Islamic Sharia councils are discouraging women from going to the police in cases of domestic violence, a barrister has told the BBC.
Charlotte Proudman said that women are being left in “very vulnerable situations where they’re open to further abuse and domestic violence”.
The barrister’s comments came in a BBC East Midlands programme which also heard from a Muslim woman who said a Sharia council took the side of her violent husband.
The House of Lords debated a Bill which seeks to restrain the operation of Sharia councils in England and Wales last month.
Tabled by Baroness Cox – a Patron of The Christian Institute – the Bill seeks to challenge the suffering caused by “religiously-sanctioned gender discrimination” and the development of a quasi-legal system.
Speaking to the BBC, one unnamed woman said she had been in a violent relationship for over a decade – since she was married at 16.
She approached a Sharia council but they said she and her abusive husband should meet face-to-face to discuss reconciliation.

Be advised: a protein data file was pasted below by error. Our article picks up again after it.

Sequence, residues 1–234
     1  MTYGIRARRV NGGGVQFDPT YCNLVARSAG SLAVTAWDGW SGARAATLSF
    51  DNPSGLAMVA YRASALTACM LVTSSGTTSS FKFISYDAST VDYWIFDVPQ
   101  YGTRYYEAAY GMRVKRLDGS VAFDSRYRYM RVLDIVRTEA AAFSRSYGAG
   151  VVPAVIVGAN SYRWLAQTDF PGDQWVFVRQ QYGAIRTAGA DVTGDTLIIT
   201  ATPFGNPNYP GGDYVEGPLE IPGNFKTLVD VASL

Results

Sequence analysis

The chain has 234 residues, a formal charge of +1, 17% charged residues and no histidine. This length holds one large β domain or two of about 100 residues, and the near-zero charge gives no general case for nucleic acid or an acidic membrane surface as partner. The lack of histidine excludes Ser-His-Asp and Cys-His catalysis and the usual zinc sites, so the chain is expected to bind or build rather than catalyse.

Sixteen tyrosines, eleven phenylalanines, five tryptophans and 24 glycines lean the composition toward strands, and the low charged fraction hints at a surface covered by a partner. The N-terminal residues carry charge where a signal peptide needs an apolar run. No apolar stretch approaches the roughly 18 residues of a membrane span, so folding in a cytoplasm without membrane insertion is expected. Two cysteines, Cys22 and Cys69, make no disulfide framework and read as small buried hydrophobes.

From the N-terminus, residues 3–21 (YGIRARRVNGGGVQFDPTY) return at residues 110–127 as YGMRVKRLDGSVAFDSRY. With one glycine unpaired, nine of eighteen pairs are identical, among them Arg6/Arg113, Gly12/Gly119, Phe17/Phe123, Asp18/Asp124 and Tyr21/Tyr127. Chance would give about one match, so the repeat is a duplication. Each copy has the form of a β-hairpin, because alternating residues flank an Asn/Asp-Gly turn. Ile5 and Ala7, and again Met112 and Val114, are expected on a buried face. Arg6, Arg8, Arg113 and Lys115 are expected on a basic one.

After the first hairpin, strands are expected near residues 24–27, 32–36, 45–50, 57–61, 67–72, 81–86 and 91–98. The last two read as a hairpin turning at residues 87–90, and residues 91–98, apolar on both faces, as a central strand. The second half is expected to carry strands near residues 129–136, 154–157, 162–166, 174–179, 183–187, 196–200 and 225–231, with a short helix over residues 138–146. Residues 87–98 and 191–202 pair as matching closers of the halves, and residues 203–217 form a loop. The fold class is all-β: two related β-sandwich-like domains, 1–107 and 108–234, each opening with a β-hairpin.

“I felt they were taking his side”, the woman told the BBC in a statement.
Charlotte Proudman said that Sharia councils are “operating a parallel legal system”, explaining that they are ruling on family law issues which are reserved for UK courts.
The programme also heard from Amra Bone, the first woman in Britain to sit on a Sharia council. She said the councils were set up to help resolve problems in the Muslim community.
However, in a separate article for the Sunday Express, Baroness Cox wrote of the distressing situations of some Muslim women in Britain.
She said one woman told her: “My husband beat me so badly I had to go to hospital. But my family would not allow me to seek help from the police because this would bring ‘shame’ on the family. The imam sent me back to my abusive husband.”
Baroness Cox rejected claims from some who have labelled her “Islamophobic”. Rather, she commented: “Since proposing the Bill I have received many phone calls from Muslim women who have told me it has given them encouragement and hope.”
“My concern is to ensure protection under the law for all citizens”.